There are, of course, other ways by which such a ceiling system might be positioned; i.e., a cable pulley winch arrangement similar to the one previously described might be used to cant the ceiling so that it is no longer parallel with the floor. For further example, a ceiling system hereof could be attached to an overhead horizontal track such that it could be moved to a different location within a greater space. The ability to raise and lower the ceiling also facilitates changing reweaving of the fabrics, as the frame may be lowered to a convenient working level. Therefore, it is practical to change or reweave fabrics frequently or seasonally to vary decorative effects or to remove fabric for cleaning. Such a ceiling system may be woven with any of a variety of suitable materials. Use of certain material, may impart desirable contrasting characteristics upon this system. For example, a translucent fabric may be useful in creating lighting effects. Further, it would be possible to install a ceiling system woven with a translucent fabric beneath existing lighting without necessarily altering that lighting. A semi-transparent fabric or screening would be useful in an area where a ceiling is needed yet it is desired that the area above the ceiling remain in view. From the earlier example of a ceiling above a restaurant in a hotel atrium it should be observed that while it is desirable to have a ceiling that defines the specific area of the restaurant, it may not be desirable to totally visually isolate this area from the larger area.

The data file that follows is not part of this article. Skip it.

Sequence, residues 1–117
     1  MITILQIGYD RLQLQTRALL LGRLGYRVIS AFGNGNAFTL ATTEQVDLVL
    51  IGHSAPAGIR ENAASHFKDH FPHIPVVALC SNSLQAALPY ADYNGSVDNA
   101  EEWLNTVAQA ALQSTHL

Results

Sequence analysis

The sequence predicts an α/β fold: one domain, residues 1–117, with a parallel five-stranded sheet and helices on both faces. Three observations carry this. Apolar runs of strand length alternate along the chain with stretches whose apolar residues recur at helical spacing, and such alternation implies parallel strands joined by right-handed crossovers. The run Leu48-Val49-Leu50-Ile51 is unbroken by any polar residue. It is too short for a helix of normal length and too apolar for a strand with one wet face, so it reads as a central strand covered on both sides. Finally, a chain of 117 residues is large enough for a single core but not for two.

A transparent material would be useful where a ceiling functions as a physical but not visual barrier. Sun screening or reflective materials could be used effectively beneath a skylight to control or moderate the amount of incoming light or solar energy. Heat absorbing fabrics might be used beneath a skylight. Beneficial accoustical properties could be achieved by weaving appropriate sound absorbing materials.


The construction designed to carry out the invention will be hereinafter described, together with other features thereof.

The invention will be more readily understood from a reading of the following specification and by reference to the accompanying drawings forming a part thereof, wherein an example of the invention is shown and wherein:

FIG. 1 is a perspective view of a complete ceiling looking from beneath such structure,

FIG. 2 is an enlarged perspective view of a grid strucure constructed in accordance with the invention with fabric omitted,

FIG. 3 is a side elevation illustrating fabric woven and attached to the grid frame,

FIG. 4 is a perspective view illustrating a coupling with cable attachment provision, fabric location means and tubing attachment,

FIG. 5 is a perspective view illustrating a fabric tensioning provision, and

FIG. 6 is a front perspective view of a grid constructed in accordance with the invention.


The drawings illustrate a frame or grid structure which is broadly designated at 10. Upper longitudinal tubular frame members are illustrated at 11. A lower longitudinal tubular member is illustrated at 12. The reference numeral 13 designates an upper transverse tubular frame member or bar.